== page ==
The Base Station triggers a flooding only if the new guiding information is significantly better than the information that is actually in the static nodes. The Base Station keeps track of the version SeqF of the local guiding information used by each node. The FireSense packets used in Section 4 include a field in which static nodes report the version of the local guiding information SeqF each node is using. With this information, the Base Station can simulate the behavior of the actual escape paths. If the performance difference-cost-between the escape paths computed with the new guiding information and those computed using the actual information is above a threshold, the Base Station triggers a new flooding. This mechanism allows monitoring the guiding information that is actually in the WSN, minimizing the number of flooding.

6. Experiments

6.1. Partial Experiments

6.1.1. Training-Based RSSI Localization

This section evaluates the accuracy of the proposed localization method, its robustness against misplacement of static nodes and its performance during the training stage.

Accuracy

The experiments were carried out in the CONET Integrated Testbed [31], see Figure 6 (left). The testbed ( http://conet.us.es) is a remote open tool to assess and compare multi-robot and WSN methods. The testbed deployment includes a configurable static WSN with nodes hanging from the ceiling. Figure 6 (right) shows a typical setting. The testbed also includes five Pioneer AT robots. Robots carrying mobile nodes are convenient tools in localization experiments. They have greater motion accuracy than humans and the same experiment can be performed hundreds of times with high repeatability. The testbed is equipped with components that provide the ground truth location of the robots. Each robot is physically connected to one WSN node—mobile node—through a serial line. A simple protocol allows robot-WSN bidirectional interchange of data, requests and commands. The testbed is installed in a 500 m2 room in the School of Engineering of Seville.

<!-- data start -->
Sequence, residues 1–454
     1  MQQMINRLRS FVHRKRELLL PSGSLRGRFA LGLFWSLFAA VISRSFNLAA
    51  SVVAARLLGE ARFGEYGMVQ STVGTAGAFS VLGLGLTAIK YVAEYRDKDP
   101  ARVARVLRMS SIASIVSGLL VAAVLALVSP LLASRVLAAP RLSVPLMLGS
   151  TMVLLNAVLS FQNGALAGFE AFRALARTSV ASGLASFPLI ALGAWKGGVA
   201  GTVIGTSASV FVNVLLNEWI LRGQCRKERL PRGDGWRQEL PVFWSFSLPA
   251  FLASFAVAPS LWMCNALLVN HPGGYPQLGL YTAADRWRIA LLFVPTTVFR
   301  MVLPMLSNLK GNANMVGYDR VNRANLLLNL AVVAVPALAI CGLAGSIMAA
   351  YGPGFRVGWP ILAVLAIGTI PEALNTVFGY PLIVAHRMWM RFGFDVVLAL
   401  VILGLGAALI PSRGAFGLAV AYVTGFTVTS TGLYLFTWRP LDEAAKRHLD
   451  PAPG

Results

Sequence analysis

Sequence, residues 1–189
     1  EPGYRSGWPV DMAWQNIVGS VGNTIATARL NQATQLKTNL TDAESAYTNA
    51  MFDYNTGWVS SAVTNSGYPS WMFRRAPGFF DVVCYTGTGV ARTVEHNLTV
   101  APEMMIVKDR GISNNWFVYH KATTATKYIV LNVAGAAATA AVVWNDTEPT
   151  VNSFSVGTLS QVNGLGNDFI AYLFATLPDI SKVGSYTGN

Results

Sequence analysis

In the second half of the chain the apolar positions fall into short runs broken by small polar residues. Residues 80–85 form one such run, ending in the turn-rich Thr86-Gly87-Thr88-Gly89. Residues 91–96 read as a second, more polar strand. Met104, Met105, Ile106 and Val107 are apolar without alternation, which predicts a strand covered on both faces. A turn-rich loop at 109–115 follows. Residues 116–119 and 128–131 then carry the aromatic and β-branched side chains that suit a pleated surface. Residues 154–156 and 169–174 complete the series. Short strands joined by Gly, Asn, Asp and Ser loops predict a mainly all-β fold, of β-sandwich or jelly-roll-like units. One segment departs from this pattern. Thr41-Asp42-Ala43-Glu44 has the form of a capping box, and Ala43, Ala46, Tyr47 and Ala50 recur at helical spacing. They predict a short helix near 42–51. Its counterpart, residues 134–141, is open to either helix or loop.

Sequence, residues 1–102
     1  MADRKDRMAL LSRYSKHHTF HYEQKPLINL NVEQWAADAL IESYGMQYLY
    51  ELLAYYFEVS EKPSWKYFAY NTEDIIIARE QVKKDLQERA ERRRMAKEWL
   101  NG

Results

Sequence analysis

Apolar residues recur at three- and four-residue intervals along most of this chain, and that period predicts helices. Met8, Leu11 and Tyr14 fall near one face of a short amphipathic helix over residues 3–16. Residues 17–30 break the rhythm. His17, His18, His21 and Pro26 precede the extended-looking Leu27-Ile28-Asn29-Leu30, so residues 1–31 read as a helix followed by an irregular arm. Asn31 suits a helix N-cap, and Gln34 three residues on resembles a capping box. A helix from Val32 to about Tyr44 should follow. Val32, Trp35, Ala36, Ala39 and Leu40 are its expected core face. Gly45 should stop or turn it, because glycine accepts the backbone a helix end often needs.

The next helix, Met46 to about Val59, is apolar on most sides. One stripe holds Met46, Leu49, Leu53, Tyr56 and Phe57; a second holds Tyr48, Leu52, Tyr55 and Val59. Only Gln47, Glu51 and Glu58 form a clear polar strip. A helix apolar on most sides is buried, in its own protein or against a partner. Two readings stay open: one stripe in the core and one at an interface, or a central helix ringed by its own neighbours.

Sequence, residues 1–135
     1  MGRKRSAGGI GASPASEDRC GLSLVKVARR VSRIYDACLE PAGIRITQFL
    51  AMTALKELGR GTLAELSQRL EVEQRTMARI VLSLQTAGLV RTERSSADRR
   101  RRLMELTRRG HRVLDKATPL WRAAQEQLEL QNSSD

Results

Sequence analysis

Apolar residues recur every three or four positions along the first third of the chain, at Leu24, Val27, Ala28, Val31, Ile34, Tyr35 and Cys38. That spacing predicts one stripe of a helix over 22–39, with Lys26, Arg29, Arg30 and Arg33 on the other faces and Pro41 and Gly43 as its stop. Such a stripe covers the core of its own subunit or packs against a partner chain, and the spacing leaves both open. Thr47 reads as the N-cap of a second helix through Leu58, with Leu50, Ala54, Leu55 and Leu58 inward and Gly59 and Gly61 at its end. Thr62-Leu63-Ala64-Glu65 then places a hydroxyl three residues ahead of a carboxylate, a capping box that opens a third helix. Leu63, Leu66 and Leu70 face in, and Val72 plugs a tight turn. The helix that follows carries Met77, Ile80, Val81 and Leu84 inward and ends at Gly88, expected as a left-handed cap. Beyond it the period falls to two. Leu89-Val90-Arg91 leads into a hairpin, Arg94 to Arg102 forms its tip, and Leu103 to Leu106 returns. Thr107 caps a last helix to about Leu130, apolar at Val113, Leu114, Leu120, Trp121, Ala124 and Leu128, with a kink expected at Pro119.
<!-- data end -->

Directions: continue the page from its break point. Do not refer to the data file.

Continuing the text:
A set of 25 localization experiments was performed. In the training stage, each static node obtained its RSSI-range model. In the application stage the robots followed a pre-assigned trajectory while their onboard mobile node broadcasted LocRequest packets. In response each mobile node received LocResp packets from surrounding static nodes and computed its current location. Each mobile node transmitted its computed location to its robot. The robot logged in a synchronized way the estimated location together with the ground truth location of the robot.